More than 150 scientists have demanded that Australian Prime Minister Malcolm Turnbull urgently tackle the root causes of climate change, saying there is "no Planet B."

In an open letter published on Thursday, the 154 Australian scientists pointed out that July 2016 was the hottest month since records began 136 years ago.

"Governments worldwide are presiding over a large-scale demise of the planetary ecosystems, which threatens to leave large parts of Earth uninhabitable," they wrote.

The federal government must make "meaningful reductions of Australia’s peak carbon emissions and coal exports, while there is still time," they wrote. "There is no Planet B."

Last year 180 countries, including Australia, signed the Paris climate treaty, which aims to limit average global warming to "well below 2C above pre-industrial levels and to pursue efforts to limit the temperature increase to 1.5C."

But since the agreement is non-binding it is in danger of remaining unfulfilled by many of the signatories, scientists have warned.

On their letter published on The Conversation, an independent academic-research website, the Australian scientists said average carbon dioxide concentrations in the atmosphere had reached 400 parts per million in 2015, and were rising at a rate of nearly 3 ppm each year.

"We are concerned that global warming, amplified by feedbacks from polar ice melt, methane release from permafrost, and extensive fires, may become irreversible" wrote the scientists, who have backgrounds in various fields including environmental and marine sciences, biology and medicine.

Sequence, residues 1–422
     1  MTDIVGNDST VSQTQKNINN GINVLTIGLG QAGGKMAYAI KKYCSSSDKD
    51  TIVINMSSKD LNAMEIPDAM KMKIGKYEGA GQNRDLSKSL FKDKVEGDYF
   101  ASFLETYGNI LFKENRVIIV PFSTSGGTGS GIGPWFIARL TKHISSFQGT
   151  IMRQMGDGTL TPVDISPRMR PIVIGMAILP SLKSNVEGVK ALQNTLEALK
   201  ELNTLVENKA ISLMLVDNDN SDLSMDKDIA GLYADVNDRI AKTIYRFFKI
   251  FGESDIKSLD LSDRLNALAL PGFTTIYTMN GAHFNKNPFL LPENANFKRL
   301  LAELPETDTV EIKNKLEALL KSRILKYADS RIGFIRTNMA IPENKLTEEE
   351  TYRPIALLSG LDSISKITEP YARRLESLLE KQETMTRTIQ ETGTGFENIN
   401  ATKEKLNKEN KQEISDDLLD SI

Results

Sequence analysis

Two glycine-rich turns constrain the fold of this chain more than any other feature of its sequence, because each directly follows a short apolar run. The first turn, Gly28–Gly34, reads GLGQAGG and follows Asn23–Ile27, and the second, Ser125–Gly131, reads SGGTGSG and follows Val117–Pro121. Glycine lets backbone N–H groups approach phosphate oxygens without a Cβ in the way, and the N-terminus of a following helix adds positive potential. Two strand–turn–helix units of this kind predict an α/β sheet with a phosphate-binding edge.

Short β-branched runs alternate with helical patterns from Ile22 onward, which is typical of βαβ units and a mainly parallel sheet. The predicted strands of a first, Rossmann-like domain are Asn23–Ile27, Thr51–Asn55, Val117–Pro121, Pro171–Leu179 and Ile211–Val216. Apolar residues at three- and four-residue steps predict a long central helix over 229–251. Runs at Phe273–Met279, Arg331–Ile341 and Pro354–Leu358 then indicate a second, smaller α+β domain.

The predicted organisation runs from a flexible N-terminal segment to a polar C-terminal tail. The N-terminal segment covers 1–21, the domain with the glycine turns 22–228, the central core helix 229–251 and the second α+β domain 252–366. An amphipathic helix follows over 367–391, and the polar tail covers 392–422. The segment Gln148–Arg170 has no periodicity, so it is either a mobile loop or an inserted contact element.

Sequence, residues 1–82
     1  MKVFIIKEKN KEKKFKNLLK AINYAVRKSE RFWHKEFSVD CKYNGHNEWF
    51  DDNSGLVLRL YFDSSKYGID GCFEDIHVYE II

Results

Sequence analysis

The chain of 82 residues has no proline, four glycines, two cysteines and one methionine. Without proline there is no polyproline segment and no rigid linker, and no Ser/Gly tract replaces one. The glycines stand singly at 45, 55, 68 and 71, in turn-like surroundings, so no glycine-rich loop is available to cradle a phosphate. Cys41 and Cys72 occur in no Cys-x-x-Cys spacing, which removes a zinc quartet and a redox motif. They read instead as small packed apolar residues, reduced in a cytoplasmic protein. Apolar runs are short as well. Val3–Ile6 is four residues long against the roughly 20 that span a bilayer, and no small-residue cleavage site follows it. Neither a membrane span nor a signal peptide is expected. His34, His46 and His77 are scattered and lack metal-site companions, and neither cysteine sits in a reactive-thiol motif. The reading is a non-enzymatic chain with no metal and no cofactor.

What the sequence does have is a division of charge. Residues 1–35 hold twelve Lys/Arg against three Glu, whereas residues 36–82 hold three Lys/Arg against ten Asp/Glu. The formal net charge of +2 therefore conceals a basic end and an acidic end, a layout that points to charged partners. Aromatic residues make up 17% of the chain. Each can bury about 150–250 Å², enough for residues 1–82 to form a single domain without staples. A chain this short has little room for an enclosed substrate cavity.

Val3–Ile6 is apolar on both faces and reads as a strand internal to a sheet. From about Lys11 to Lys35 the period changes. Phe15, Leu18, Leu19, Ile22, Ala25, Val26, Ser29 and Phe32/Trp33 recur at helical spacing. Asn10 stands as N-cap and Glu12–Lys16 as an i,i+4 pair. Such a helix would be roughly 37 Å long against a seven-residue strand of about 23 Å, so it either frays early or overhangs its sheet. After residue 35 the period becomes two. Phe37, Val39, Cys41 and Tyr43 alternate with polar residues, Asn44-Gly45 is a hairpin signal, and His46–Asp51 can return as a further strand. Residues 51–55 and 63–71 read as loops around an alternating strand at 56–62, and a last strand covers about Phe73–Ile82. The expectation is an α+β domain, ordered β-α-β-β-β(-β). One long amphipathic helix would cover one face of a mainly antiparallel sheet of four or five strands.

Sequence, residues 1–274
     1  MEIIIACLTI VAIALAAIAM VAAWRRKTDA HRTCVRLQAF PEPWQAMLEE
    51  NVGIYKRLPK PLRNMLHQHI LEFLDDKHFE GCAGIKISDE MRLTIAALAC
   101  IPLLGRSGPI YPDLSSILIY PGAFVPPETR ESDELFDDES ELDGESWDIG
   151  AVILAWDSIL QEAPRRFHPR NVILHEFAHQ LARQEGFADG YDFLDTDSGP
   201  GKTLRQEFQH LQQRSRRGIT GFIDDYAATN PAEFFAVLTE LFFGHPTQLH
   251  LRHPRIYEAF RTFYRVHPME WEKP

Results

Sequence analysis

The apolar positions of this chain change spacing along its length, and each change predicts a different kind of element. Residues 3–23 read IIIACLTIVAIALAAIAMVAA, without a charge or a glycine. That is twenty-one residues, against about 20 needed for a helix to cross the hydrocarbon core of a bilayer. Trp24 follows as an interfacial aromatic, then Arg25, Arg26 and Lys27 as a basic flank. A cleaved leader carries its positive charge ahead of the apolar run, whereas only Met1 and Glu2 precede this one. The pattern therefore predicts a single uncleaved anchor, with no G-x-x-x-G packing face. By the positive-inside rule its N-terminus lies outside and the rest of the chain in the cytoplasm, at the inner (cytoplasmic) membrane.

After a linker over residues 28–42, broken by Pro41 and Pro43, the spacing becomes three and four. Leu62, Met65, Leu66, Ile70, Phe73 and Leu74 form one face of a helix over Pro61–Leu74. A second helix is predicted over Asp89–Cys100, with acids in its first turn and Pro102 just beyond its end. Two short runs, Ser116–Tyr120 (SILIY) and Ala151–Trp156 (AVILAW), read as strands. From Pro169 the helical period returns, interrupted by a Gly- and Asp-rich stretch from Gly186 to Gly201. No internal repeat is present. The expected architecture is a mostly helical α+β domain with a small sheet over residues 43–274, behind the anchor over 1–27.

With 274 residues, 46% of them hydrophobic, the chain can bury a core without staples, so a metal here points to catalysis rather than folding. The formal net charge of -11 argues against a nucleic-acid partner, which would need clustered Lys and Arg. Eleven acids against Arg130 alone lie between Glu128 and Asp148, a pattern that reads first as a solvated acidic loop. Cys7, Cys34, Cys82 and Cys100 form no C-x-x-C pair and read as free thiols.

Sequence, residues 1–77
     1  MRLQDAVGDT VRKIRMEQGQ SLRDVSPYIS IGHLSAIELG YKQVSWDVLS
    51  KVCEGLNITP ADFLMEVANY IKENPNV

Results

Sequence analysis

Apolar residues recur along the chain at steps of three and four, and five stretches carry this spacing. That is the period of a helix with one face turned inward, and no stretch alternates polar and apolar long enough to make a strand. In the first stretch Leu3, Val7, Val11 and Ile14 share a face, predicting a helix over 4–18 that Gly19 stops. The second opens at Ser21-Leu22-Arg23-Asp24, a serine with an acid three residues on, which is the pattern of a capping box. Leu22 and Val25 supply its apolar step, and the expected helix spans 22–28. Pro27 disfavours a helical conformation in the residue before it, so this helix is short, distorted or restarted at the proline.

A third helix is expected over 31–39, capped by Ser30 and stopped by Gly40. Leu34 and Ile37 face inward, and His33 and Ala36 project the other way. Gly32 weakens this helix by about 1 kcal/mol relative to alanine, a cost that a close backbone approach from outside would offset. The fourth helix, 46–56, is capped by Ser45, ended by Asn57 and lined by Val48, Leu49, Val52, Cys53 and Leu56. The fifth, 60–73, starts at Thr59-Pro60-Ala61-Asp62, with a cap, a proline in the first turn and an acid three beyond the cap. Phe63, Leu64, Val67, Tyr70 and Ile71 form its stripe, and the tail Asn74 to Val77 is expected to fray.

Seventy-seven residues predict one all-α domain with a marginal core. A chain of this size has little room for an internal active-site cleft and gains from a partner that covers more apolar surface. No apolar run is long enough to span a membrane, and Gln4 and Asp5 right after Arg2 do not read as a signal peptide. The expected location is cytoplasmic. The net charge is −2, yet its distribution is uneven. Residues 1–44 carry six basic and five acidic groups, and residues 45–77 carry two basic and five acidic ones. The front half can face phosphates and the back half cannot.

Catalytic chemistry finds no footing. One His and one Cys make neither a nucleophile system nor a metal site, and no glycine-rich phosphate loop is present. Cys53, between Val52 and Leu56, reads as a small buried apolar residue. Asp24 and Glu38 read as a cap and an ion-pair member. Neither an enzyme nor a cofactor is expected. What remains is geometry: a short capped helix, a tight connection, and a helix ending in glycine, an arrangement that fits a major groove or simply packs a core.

They highlighted the possible collapse of the Atlantic Meridional Overturning Circulation, a crucial component of the global climate system which transfers heat from the tropics to the North Atlantic.

They also quoted Joachim Schellnhuber, Germany’s chief climate scientist, who said: "We're simply talking about the very life support system of this planet."

On Wednesday, a report by the Sydney-based Climate Institute said Australia could avoid the development of extremely long heatwaves and boost the survival chances of the rapidly deteriorating Great Barrier Reef if it helped to limit global warming to 1.5C instead of 2C.

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